DescriptionBetween (Nordic and Germanic) Romanticism and Modernism: Kurt Atterdberg's Folkloric Nationalism, Structural Conservatism, and Fin-de-siècle instrumental colour
Kurt Atterberg (1887-1974) - a Swedish composer with a catalogue of nine symphonies, five concertos, ten orchestral suites, five operas, and numerous incidental scores - has been categorised within the surprisingly limited scholarship on his output as an 'incurable Romantic' of a 'lower class than Sibelius and Nielsen' (Smith 2002). His works are described as classical in form, characterised by statements of folk material and evocative orchestration, and often condemned as over-scored to the extent of being banal. Yet it is arguably such a lack of literature that has led to these derogatory claims; in much the same way that Dahlhaus complains of a Zeitgeist that tempts historians to apply labels to German music as a matter of expediency, notions of Romanticism are perpetuated within Atterberg's reception as a result of ignorance toward the former's co-existence with Nordic modernism.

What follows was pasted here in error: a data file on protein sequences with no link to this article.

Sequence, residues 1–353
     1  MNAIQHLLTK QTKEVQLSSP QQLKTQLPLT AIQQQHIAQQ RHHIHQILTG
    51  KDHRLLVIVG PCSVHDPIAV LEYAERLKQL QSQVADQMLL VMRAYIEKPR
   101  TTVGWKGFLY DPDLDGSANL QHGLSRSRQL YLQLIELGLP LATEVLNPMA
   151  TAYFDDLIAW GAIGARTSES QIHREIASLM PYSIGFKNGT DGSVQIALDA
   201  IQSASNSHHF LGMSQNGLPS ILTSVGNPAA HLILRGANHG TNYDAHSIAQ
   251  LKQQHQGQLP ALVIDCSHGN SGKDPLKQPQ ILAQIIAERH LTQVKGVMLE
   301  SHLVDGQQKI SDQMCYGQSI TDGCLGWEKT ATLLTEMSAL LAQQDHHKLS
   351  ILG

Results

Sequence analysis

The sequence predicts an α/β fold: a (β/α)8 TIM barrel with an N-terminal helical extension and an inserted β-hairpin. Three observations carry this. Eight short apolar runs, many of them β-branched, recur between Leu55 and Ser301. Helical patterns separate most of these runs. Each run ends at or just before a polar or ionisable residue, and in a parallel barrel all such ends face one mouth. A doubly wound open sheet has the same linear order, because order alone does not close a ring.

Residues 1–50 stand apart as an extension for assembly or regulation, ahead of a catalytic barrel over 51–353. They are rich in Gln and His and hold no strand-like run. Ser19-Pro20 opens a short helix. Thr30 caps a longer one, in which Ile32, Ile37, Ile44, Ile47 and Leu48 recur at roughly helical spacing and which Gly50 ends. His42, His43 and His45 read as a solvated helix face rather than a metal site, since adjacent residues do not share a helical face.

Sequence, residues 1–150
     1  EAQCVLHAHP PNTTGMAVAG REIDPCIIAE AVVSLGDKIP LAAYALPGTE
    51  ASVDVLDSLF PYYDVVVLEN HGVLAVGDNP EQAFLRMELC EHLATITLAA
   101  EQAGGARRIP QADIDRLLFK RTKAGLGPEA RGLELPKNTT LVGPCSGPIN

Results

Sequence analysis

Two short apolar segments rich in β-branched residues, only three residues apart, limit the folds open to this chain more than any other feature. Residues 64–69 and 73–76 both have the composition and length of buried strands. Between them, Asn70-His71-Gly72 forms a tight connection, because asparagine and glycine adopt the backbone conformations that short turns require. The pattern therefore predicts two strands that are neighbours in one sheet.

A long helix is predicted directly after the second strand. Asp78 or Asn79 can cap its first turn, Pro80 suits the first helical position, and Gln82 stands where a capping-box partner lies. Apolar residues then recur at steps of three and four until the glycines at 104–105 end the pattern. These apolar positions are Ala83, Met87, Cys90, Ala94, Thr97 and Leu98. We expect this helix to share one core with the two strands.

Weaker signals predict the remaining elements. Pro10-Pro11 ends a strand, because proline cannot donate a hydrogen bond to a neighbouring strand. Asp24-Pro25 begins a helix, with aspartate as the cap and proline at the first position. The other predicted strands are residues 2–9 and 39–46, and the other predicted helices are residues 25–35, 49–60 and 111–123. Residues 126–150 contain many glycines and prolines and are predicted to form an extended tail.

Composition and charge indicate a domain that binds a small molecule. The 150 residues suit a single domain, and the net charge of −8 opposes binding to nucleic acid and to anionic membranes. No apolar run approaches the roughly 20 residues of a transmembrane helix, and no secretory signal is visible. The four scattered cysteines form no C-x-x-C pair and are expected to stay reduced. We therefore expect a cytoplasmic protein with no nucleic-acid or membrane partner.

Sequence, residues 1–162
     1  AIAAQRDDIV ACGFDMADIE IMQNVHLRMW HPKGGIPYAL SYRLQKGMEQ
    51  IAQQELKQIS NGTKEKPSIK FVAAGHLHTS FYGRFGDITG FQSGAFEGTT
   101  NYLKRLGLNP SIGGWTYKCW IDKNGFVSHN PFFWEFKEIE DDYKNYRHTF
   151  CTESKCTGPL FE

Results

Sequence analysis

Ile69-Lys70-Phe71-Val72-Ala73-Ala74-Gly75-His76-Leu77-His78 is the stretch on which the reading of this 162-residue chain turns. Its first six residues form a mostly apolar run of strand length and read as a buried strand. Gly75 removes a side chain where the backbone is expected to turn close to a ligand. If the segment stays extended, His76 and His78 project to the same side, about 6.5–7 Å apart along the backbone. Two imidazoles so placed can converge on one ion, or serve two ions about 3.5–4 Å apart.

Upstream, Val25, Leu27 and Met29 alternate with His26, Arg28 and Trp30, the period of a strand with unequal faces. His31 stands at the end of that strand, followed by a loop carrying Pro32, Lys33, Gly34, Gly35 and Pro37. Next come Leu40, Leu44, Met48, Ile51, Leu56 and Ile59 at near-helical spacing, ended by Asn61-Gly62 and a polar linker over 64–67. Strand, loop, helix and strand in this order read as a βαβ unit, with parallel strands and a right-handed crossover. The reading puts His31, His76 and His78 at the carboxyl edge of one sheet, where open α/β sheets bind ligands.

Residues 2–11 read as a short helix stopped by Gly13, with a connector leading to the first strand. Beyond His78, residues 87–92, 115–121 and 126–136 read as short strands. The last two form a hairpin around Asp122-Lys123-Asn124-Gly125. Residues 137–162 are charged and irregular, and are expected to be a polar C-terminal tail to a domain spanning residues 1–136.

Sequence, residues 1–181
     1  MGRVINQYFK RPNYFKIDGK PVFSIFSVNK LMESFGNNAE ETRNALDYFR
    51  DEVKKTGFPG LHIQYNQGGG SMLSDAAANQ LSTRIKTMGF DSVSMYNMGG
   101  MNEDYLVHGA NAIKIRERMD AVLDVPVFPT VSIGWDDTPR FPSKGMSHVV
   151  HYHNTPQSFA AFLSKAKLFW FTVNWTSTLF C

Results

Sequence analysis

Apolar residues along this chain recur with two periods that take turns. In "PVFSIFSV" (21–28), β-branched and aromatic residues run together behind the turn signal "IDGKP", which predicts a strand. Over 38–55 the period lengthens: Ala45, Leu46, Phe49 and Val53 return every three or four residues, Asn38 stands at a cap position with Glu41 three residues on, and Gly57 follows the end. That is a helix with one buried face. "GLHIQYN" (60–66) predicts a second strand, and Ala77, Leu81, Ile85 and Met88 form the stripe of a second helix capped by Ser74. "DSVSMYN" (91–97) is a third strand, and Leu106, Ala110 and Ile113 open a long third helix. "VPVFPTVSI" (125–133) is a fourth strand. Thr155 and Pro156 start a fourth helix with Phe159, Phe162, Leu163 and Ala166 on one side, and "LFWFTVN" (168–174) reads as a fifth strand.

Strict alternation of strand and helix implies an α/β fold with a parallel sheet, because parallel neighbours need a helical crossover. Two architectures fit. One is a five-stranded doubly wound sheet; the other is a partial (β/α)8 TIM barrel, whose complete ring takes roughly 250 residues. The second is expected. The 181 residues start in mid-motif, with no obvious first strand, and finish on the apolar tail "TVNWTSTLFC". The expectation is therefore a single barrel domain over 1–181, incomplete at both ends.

Atterdberg's treatment of folk material and instrumental colour, misunderstood as banal within the context of German Romanticism, echoes that of Adorno's characterisation of timbre in his Mahler monograph; the use of rhetorical extremes and topics (such as folk song, marches etc.) are here seen as aspects of fin-de-siècle instrumental colour that simultaneously draw attention to themselves whilst insisting upon the appropriateness of traditional form. This paper takes the example of Atterdberg's Third Symphony - 'Västkustbilder' ('West Coast Pictures') 1914-1916 - and considers the ways in which such treatment of these elements complicates what has previously been seen as a conservative use of form, where folkloric nationalism can here be contextually understood as part of the advent of Nordic Modernism.
|Period||31 Aug 2015 → 2 Sep 2015|
|Location||Oxford, United Kingdom|